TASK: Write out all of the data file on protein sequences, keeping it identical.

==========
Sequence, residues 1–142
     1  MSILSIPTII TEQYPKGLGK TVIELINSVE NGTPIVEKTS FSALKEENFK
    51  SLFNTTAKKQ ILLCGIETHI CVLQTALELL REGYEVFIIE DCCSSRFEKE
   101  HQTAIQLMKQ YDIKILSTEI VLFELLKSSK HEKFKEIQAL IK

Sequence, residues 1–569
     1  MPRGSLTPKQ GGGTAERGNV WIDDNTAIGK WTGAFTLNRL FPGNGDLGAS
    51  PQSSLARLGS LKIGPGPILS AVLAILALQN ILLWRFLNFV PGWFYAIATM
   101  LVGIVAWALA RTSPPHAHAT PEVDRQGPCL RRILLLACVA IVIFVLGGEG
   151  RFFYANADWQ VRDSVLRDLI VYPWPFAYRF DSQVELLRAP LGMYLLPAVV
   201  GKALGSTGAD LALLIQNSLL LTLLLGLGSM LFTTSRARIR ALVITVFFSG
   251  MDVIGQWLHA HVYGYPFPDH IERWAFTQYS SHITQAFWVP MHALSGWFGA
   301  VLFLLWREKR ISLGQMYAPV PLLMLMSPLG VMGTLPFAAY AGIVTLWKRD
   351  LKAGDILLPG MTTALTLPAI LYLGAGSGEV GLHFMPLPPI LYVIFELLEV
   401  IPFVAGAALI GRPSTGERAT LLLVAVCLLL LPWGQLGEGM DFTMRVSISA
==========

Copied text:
Sequence, residues 1–142
     1  MSILSIPTII TEQYPKGLGK TVIELINSVE NGTPIVEKTS FSALKEENFK
    51  SLFNTTAKKQ ILLCGIETHI CVLQTALELL REGYEVFIIE DCCSSRFEKE
   101  HQTAIQLMKQ YDIKILSTEI VLFELLKSSK HEKFKEIQAL IK

Sequence, residues 1–569
     1  MPRGSLTPKQ GGGTAERGNV WIDDNTAIGK WTGAFTLNRL FPGNGDLGAS
    51  PQSSLARLGS LKIGPGPILS AVLAILALQN ILLWRFLNFV PGWFYAIATM
   101  LVGIVAWALA RTSPPHAHAT PEVDRQGPCL RRILLLACVA IVIFVLGGEG
   151  RFFYANADWQ VRDSVLRDLI VYPWPFAYRF DSQVELLRAP LGMYLLPAVV
   201  GKALGSTGAD LALLIQNSLL LTLLLGLGSM LFTTSRARIR ALVITVFFSG
   251  MDVIGQWLHA HVYGYPFPDH IERWAFTQYS SHITQAFWVP MHALSGWFGA
   301  VLFLLWREKR ISLGQMYAPV PLLMLMSPLG VMGTLPFAAY AGIVTLWKRD
   351  LKAGDILLPG MTTALTLPAI LYLGAGSGEV GLHFMPLPPI LYVIFELLEV
   401  IPFVAGAALI GRPSTGERAT LLLVAVCLLL LPWGQLGEGM DFTMRVSISA